The 1954 Stratocaster

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I didn’t have any money but no one else wanted to buy it, so I got it by trading a couple of nice guitars. The guitar had undergone a lot of changes over the years but it is what it is and it had enough of the original parts to make it tempting.  For example the 3-way switch, the wiring, the pick guard, most of the screws, the strap buttons, the jack plate, some of the bridge parts, the neck plate and its screws, the front and rear pickups. (The middle pickup was a later ‘50’s model made for a left-handed guitar, quite a rare and interesting thing.)  And the guitar body itself.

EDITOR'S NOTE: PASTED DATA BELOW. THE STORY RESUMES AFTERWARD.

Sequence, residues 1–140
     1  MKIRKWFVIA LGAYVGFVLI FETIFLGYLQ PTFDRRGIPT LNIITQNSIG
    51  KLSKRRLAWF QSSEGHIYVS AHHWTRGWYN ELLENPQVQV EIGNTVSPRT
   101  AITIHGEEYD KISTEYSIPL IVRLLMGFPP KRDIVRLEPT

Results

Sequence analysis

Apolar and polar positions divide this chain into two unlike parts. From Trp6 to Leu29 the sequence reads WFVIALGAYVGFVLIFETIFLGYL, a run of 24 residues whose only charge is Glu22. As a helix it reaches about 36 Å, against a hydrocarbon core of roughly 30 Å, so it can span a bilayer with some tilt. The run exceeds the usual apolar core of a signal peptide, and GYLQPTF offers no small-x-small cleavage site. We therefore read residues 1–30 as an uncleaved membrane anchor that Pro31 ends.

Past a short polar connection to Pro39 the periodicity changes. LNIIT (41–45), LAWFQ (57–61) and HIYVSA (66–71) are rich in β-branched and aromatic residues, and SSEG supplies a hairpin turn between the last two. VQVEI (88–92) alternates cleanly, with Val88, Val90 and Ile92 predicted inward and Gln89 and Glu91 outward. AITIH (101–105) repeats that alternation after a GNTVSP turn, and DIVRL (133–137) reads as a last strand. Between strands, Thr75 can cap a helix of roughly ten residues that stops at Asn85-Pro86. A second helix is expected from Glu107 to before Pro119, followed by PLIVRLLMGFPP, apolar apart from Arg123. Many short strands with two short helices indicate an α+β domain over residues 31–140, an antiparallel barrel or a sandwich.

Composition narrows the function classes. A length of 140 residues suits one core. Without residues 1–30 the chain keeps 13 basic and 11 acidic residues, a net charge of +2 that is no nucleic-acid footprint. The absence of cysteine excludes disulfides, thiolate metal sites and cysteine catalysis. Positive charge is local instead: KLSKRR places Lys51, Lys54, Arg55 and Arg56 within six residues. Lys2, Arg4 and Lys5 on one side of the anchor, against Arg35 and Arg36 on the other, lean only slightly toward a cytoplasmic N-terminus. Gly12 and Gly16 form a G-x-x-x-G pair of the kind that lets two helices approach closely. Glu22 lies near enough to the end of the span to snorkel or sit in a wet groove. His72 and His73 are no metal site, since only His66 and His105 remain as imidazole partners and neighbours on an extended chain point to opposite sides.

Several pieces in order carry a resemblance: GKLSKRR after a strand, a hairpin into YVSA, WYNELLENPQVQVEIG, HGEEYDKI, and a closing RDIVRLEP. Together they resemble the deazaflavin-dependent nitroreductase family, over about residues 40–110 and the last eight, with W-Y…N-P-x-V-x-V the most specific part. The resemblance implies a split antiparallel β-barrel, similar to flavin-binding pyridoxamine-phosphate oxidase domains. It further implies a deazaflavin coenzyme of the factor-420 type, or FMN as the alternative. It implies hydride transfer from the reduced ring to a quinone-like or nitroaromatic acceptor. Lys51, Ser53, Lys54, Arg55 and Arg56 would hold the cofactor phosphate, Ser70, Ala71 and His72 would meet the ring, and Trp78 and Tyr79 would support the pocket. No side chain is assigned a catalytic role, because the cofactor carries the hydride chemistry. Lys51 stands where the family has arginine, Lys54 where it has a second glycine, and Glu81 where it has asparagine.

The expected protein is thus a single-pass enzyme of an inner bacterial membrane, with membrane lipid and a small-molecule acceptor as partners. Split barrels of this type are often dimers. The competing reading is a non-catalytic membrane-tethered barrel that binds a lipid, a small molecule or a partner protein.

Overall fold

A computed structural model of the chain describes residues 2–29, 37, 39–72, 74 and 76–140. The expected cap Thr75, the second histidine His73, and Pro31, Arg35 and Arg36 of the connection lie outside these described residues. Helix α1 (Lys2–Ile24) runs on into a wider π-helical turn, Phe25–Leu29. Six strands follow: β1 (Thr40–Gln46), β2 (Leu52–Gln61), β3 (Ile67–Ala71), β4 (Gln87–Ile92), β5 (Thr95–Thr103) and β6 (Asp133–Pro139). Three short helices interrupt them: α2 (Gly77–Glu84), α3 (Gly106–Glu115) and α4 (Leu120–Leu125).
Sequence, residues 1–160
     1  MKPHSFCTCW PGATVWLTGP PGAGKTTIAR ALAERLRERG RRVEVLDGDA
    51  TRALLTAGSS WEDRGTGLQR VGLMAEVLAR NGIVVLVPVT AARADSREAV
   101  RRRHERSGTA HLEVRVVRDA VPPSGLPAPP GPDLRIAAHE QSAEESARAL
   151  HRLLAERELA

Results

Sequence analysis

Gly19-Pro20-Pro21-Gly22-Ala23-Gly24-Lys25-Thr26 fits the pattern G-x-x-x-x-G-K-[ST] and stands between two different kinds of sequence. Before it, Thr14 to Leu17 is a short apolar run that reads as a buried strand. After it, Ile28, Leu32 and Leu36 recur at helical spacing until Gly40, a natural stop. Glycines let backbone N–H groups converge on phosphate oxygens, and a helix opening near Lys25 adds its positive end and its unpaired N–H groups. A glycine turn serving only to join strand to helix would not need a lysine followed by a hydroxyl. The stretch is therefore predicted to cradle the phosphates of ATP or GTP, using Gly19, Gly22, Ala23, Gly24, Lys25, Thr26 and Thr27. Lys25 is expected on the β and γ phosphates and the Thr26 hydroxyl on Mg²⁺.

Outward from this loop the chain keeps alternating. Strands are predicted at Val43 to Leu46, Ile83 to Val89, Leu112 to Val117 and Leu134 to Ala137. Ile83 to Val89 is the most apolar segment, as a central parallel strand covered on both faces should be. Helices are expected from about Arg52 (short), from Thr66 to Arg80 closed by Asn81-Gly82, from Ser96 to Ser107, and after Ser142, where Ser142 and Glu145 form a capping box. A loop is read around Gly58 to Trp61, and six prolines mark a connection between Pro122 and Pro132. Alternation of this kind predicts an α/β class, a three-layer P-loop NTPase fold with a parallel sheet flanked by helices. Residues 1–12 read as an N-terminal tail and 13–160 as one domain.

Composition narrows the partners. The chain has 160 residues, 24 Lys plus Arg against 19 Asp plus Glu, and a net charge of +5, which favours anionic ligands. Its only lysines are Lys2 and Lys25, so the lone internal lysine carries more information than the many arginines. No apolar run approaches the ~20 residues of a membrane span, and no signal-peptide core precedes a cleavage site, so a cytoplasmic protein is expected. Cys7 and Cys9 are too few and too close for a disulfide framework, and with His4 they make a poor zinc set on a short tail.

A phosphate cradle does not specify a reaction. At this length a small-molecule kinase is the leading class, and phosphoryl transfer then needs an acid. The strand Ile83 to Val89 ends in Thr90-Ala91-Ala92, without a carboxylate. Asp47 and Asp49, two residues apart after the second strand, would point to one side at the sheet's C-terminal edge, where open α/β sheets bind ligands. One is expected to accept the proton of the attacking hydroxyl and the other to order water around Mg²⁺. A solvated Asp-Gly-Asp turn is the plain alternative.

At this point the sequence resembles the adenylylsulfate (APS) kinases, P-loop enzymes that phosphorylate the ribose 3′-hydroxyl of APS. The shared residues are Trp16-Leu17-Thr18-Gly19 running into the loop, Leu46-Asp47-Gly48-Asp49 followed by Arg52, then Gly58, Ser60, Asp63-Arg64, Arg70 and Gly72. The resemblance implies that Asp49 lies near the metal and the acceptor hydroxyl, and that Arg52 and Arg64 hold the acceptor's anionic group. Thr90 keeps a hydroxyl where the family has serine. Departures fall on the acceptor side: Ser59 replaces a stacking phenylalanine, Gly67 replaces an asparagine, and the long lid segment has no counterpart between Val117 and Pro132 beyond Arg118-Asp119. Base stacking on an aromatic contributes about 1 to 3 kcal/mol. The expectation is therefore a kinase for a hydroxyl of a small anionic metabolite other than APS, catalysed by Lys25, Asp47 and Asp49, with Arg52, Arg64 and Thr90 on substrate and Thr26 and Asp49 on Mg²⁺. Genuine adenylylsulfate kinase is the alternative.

It came with a 1960's rosewood board neck. The day after I bought it a ’54 neck turned up on e-bay. Unbelievable. The neck had lost some wood where someone had removed a previous dark refinish. And it had the marks left over from a locking nut device. But it was reasonably priced and I was advised to get it, even if just to put in in the case. When I got it I had repairer Piers Crocker check its authenticity and once that was confirmed he installed it on the guitar. The difference it made to the sound and playability of the guitar was instantly apparent. 

For example, the saddles had to be wound up quite high to accommodate the ’60's neck. With them down to the right level, the guitar just felt a lot better. And the maple neck made it sound like it was meant to sound.  The dealer I bought it from told me that I had doubled the value of the guitar.  I don’t know if that is true but everyone who plays it is mightily impressed.  I have since had the neck restored and re-fretted. That made a big difference too.